Inside families

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Laura Briggs, How All Politics Became Reproductive Politics: From Welfare Reform to Foreclosure to Trump (Oakland: University of California Press, 2017). 304 pp., £24.95 hb., £20.00 pb., 978 0 52028 191 2 hb., 978 0 52029 994 8 pb.

The shift to neoliberalism is rarely narrated from the vantage point of the household, but it is here – in the realm of unpaid bills and mounting laundry – that the contradictions of our political moment are felt most forcefully, writes Laura Briggs. Her US-focused book, How All Politics Became Reproductive Politics, retells the story of neoliberal economics ‘from inside families’ and reframes its legacy through the lens of the care crisis. How did it get so hard, Briggs asks, to find the time and resources to do the necessary work of reproduction? The institutionalisation of the ‘double day’ – the site of one of feminism’s great unfinished battles – has, she observes, eroded Americans’ collective capacity to have and raise children, care for the elderly and support the sick and disabled. In Briggs’ account, the neoliberal economic reforms of the 1980s and 1990s curtailed the dissenting energies of twentieth-century radical protest movements: this is the historical moment at which ‘all politics became reproductive politics’. It is a controversial headline claim: after all, has there ever been a time under capitalism when ‘all politics’ were not shot through with the contradictions of social reproduction? The book never fully confronts this question, though it does paint a dynamic portrait of the structural contradictions that attend the contemporary organisation of care work in America.

Of course, to merely acknowledge the existence of a contemporary ‘care crisis’ is neither new nor necessarily radical. Briggs knows this: it is why she gives space in the first chapter to Gavin McInnes, the far-right founder of Vice Media, who told a Fox News host in 2015: ‘Feminism has made women miserable. Women were much happier when housewives were glorified.’ McInnes’ comment epitomises a historically illiterate right-wing narrative that blames feminism for the withdrawal of social support for domestic work. In fact, Briggs contends, feminists were central to a broad field of twentieth-century left-wing struggles around social reproduction, from the labour movement fight for an eight-hour working day to the wages for housework campaigns and the Black Panthers’ free breakfast programmes. The book’s focus on the ‘deep, and intimate links – including failure and betrayal, but also support [and] solidarity’ across feminist, labour and racial justice movements is a powerful rejoinder to those who would reduce these movements to insipid calls for diverse boardrooms.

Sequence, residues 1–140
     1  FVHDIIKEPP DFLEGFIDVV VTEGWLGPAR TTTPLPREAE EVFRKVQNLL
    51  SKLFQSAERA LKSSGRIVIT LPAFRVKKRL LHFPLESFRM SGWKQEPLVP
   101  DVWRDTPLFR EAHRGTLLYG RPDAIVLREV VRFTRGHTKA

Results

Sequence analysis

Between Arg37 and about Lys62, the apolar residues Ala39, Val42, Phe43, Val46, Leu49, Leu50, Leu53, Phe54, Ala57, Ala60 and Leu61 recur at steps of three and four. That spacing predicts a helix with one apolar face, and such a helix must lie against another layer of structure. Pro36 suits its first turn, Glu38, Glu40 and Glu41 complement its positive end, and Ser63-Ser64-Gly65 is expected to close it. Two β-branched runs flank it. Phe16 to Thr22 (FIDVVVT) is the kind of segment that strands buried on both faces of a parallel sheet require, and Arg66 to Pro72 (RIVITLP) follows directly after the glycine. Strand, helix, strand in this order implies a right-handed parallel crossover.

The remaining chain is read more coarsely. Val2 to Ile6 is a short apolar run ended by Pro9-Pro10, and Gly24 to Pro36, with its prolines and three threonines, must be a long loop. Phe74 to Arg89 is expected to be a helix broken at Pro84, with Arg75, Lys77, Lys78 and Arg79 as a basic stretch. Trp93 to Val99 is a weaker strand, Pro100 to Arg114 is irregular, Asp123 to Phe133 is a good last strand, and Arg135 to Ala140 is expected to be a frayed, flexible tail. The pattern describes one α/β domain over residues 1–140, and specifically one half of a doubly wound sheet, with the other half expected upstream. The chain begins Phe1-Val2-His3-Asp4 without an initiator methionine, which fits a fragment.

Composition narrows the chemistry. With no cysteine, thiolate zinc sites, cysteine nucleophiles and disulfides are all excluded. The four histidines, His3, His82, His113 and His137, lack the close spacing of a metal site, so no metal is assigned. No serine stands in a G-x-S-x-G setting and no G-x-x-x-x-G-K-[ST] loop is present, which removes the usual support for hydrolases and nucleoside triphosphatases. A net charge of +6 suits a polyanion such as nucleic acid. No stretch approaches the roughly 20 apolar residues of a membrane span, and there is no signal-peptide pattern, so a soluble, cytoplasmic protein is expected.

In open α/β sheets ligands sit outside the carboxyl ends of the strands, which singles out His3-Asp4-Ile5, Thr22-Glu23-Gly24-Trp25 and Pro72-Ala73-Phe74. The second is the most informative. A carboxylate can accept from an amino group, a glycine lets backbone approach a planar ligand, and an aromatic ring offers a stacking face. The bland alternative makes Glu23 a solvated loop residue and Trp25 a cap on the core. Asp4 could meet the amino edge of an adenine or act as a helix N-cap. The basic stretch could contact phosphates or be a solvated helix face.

It is the truncation of such twentieth-century reproductive labour struggles that has brought us to the current precipice: a contemporary order in which it is ‘impossible for any member of a household to stay home and do reproductive labour, much less do paid work and still have the time, space, and resources to care for dependents, households, and communities’. This situation is new only in its generalisation to the whole population. Black women in America have been denied the rights, time or resources to mother their children since the era of enslavement, when, as Hortense Spillers states in her essay ‘Mama’s Baby, Papa’s Maybe: An American Grammar Book’ (1987), ‘the female could not, in fact, claim her child’. One of the most compelling threads of Briggs’ book reveals how racism continues to function as a sticking plaster and alibi for the deficiencies of privatised care. Drawing on the work of Wahneema Lubiano, Briggs explores the construction of the ‘welfare queen’ stereotype as a ‘cover story for reducing government programs in general’: in short, teenage mothers were scapegoated so welfare could be gutted. The racist myth-making of the 1990s provided lessons for the financial crash of 2008, when banks courted Black, Latinx and female-headed households for subprime mortgages, then retrospectively smeared them as irresponsible borrowers who caused the recession.

If welfare reform rode the coat-tails of racist fear-mongering about so-called ‘cultures of poverty’, it did so in order to construct new moral imperatives around work in an era of wage stagnation. In the wake of these shifts, US immigration policy has overseen a process of ‘offshoring’ reproductive labour. Briggs saliently points out that the management of migration to the US is ‘significantly a question about how household and child care work are getting done in the aftermath of the neoliberal push to get all mothers and other caregivers into the workforce for 40 and more hours a week’. Almost a million women migrants in the US, many of them undocumented, are employed as domestic workers and vulnerable to low wages, abuse by employers and chronic health problems. Joining the dots between anti-union laws, wage cuts and immigration control, Briggs shows that it is through racism that the system – barely – sustains itself.